I stopped at the farm stand around the corner from my house yesterday and purchased some fresh zuchini and summer squash. I'd alway wanted to try making pasta ribbons with the squash and that is what I did tonight. These were sliced on my grater and sauteed in a tiny bit of water. On top is some leftover veganrella, sauce, and some tofurky kielbasa.
Last night, I also made Leslie's sloppy lentils. I had a bag of tri-colored lentils on my shelf and thought they would be a good candidate. They are ok, but I am not in love with them. I've added quite bit of crushed red pepper and feel like they still need something else.
Did you notice the new plate? It was $1.25 on clearance and I thought it might be nice to take pictures without a glare from my white dishes.
Let's see, what else? Oh, yesterday I went to see the movie, Who Killed the Electric Car? It is about the history of the GM EV1 electric car in California. I found it very interesting, though it was very frustrating to see how so many different factors killed this great technology and I left the theatre wondering what is wrong with us.
For those of you that don't know, the EV1 was a completely electric car that would get 75-100 mile per charge. The electric charge equaled about 60 cents a gallon for gas and the vehicle had zero emissions. They were available for lease. At the end of the lease period, GM collected all the cars and did not give owners a buyout option. Then they destroyed all the perfectly good, working vehicles.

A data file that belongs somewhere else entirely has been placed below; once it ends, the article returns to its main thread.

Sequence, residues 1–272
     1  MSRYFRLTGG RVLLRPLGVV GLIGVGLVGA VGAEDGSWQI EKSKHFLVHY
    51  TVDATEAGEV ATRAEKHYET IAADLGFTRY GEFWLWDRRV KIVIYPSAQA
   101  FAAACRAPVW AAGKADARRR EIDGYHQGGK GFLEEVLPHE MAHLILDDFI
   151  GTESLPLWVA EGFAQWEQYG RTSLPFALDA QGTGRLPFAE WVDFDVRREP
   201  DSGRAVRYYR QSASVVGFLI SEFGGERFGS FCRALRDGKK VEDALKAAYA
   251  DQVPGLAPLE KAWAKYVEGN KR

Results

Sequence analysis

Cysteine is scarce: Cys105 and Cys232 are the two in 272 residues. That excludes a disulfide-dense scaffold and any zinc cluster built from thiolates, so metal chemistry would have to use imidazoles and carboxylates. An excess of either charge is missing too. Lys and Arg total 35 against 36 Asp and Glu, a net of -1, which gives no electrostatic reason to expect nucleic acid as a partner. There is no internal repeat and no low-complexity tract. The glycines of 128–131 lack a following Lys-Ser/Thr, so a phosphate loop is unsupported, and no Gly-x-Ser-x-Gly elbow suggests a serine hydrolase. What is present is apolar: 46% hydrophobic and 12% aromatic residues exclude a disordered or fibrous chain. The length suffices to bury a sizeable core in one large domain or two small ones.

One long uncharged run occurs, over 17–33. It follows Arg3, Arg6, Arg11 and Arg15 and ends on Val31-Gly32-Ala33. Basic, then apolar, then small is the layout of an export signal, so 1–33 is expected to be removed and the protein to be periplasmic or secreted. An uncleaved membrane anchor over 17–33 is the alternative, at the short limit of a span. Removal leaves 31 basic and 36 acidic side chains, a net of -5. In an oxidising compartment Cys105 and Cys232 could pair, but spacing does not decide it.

The movie talks about the many different facets of this story which include GM's interests, big oil, our goverment, CARB (the California Air Resource Board) that repealed the law they made that required 10% of the cars in CA to be zero emissions, other car companies and even the consumers.
One particularly frustrating point is that everyone says electric technology is the past and that hydrogen is the future. A little research on hydrogen powered vehicles shows that we are no where near seeing one available to buy. They cost upward of $500,000 to make each one. We have no good source of hydrogen or an infrastructure to support it. (We'd need to build 1000's of filling stations before it would be possible to sell.) Why tout a technology we don't have and squelch one we do have an infrastructure already built to support?
Though all of the players were a problem, GM really got my goat. If they took the cars off the road because the couldn't sell them, why did they need to destroy them? Why couldn't leasees purchase them? What kind of environmental policies does GM have that warrant destroying perfectly good vehicles? There were better batteries available for the EV1 which could double the range and make it a more viable option to many consumers. GM bought the battery technology, shredded the EVs, and sold the technology to Chevron.
I would never purchase a GM car even if they came out with a hybrid. What a waste of a wonderful technology. Now GM and others are devoting tons of time and money to hydrogen which is most likely not even a viable solution.
I've been talking about getting a Prius for a few years now. It is time for me to make that move pretty soon.